Coaches tell Spurrier what they think of ‘business as usual’
by Tony Basilio
It didn’t take Steve Spurrier long to perform his first miracle at South Carolina. In a couple of short months, Spurrier has managed to do the unimaginable: he’s caused a rift in the usually close-knit Carolina family.
It’s a remarkable feat, when you consider that the head football coach at S.C. is generally treated as a de facto deity in the Palmetto State. But in St. Steve’s case, the canonization will have to wait. In one fell swoop, Spurrier committed six egregious errors that could impact his program for years to come.
Spurrier received an unexpected correspondence at the end of July from the South Carolina Football Coaches Association’s board of directors. In a move that could be considered one part admonishment and one part warning, the group faxed a letter to Spurrier and USC Athletics Director Eric Hyman condemning the decision to strip the scholarships of six Gamecock players. Through the oft-practiced but seldom scrutinized act of cutting guys in good academic standing loose, Spurrier is actually facing some public shame for a truly shameful act.
Spurrier is not the first to take over a college football job and clean house. But the Ol’ Ball Coach is the first in my recollection to get publicly slapped for such a shortsighted, selfish decision.
In many ways, college football players are the disenfranchised of all disenfranchisees. In cases such as this one, they simply have no recourse. Forget recourse, they have no rights. Spurrier is the latest to illustrate just how powerless “student athletes” are in the stacked deck known as NCAA Division 1-A sports.
It should be noted that the unfortunate six were not bad actors, just substandard football players. All six were in good academic standing when they were cut from their scholarships. It is shameful that the NCAA would tolerate this kind of behavior from its member coaches, but unfortunately it’s business as usual. Parents assume (and rightfully so) that when their children sign scholarship papers, that schools are going to be committed to their kids. What they don’t understand is that scholarships are only year-to-year propositions. Do you think Lou Holtz told these families during the recruiting process that he was going to re-evaluate these “student-athletes” annually? Guess again. No one in his right mind would agree to that kind of arrangement. But that’s the NCAA.
Spurrier was the first to tell the media in South Carolina that he didn’t violate any NCAA rules by cutting the unfortunate six. The rules state that schools must inform athletes whether their scholarships will be renewed, reduced or revoked by July 1. Spurrier gave the unfortunates the word in late June. That gave each “student-athlete” ample opportunity to find another place to play. That is, if you call four weeks ample opportunity. Imagine this being done to your family member.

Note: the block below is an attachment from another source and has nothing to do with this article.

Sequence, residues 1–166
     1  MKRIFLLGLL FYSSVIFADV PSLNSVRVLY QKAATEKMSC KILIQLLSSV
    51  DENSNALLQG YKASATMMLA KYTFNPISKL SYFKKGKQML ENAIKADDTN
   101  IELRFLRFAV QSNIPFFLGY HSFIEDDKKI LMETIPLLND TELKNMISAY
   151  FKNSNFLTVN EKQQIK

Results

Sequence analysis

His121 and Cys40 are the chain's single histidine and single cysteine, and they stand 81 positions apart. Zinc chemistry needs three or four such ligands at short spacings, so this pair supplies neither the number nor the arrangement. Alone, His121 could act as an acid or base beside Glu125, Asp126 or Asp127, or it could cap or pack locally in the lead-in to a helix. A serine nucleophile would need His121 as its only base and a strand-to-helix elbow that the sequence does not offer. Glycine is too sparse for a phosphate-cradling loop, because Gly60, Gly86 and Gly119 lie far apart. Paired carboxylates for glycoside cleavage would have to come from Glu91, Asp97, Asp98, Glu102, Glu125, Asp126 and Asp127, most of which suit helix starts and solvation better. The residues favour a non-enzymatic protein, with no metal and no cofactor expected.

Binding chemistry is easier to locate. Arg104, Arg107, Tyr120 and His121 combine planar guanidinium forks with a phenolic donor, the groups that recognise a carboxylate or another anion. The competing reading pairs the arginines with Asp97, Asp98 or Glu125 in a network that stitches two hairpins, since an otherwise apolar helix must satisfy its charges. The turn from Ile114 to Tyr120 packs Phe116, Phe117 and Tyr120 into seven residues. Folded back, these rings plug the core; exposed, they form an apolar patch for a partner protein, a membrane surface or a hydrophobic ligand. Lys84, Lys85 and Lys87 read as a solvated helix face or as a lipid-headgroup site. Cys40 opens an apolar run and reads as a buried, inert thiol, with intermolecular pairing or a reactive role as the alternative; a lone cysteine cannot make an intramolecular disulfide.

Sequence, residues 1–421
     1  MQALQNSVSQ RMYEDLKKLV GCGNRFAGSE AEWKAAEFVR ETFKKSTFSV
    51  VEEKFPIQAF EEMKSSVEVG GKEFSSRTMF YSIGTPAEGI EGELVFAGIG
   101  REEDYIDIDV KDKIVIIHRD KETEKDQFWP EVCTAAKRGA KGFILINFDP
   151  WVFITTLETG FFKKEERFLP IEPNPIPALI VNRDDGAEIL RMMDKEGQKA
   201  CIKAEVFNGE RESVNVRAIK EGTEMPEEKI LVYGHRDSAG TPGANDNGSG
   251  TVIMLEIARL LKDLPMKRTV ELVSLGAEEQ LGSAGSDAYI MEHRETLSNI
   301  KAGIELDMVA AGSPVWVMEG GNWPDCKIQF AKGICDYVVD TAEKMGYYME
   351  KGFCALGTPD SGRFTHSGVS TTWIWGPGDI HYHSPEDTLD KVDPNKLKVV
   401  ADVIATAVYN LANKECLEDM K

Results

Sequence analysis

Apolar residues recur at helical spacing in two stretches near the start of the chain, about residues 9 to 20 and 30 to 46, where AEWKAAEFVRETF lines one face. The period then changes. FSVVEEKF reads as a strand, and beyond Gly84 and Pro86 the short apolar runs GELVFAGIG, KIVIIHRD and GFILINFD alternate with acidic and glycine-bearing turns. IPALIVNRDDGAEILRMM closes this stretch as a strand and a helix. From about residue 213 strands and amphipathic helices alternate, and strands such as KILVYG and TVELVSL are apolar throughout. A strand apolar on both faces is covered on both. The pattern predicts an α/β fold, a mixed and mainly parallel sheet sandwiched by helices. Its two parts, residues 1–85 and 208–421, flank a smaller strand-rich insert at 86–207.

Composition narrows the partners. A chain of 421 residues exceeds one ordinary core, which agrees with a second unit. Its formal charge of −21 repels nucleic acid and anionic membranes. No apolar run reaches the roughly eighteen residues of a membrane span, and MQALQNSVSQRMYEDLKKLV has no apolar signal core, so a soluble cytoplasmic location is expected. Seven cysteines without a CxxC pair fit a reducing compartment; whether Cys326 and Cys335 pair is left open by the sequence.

The coaches in South Carolina had seen enough of this injustice. The letter fired off to Spurrier and subsequently to other media outlets in the state rebuked him with the following verbiage: “We, the S.C. Football Coaches Association board of directors, are all about commitment, and USC’s lack of commitment to its recruited players has prompted our action.”
Using what could be considered fighting words, the coaches termed Spurrier’s decision to cast off the unfortunate six as “unethical.” They reasoned that the players involved had not broken team rules and therefore didn’t deserve to lose their scholarships. Compounding the embarrassment for Spurrier, he was appearing at SEC Media Days in Birmingham before hundreds of reporters when the story broke. Don’t cry for Steve, though, because he sure isn’t crying for his deeds. “We can’t let the high school coaches association run our program,” he told reporters.
Because he has since reassigned two of the scholarships to former walk-on players, Spurrier hid behind the cloak of his alleged benevolence. “These guys were here when we got here,” Spurrier said. “We felt like maybe these [other] guys were more deserving. Simple as that. We’ve got to look at it from a total picture. We’ve got to put the best guys out there that really want to play. So one guy’s sad and one guy’s happy,” Spurrier told The State newspaper in Columbia.
One guy who could be sad in the long run is Spurrier. Here’s hoping the entire state thinks twice before sending their precious children to go and play for a guy who has proven what he’s all about.
It seems appropriate to point out that this cavalier cutting of lesser scholarship athletes has never happened at UT under Phillip Fulmer. For this Fulmer needs no praise. In light of the goings-on at South Carolina, though, it seems appropriate to give him an “atta boy” just the same. And while I’m passing out plaudits, congrats are in order to the high school coaches in South Carolina who have had enough of NCAA business as usual. Maybe at some level, Spurrier will be ashamed of himself for martyring the unfortunate six. m
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